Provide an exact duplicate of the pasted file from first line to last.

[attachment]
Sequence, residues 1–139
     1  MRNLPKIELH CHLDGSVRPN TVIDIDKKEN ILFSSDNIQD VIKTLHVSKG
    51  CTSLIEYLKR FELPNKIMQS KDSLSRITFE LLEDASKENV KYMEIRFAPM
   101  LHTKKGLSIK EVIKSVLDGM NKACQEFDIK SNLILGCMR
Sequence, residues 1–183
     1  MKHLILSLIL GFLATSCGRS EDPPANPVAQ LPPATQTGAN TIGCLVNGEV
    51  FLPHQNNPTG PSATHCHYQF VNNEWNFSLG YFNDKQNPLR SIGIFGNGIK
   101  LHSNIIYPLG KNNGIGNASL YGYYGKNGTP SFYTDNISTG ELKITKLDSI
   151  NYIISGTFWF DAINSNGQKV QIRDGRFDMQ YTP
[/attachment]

Sequence, residues 1–139
     1  MRNLPKIELH CHLDGSVRPN TVIDIDKKEN ILFSSDNIQD VIKTLHVSKG
    51  CTSLIEYLKR FELPNKIMQS KDSLSRITFE LLEDASKENV KYMEIRFAPM
   101  LHTKKGLSIK EVIKSVLDGM NKACQEFDIK SNLILGCMR
Sequence, residues 1–183
     1  MKHLILSLIL GFLATSCGRS EDPPANPVAQ LPPATQTGAN TIGCLVNGEV
    51  FLPHQNNPTG PSATHCHYQF VNNEWNFSLG YFNDKQNPLR SIGIFGNGIK
   101  LHSNIIYPLG KNNGIGNASL YGYYGKNGTP SFYTDNISTG ELKITKLDSI
   151  NYIISGTFWF DAINSNGQKV QIRDGRFDMQ YTP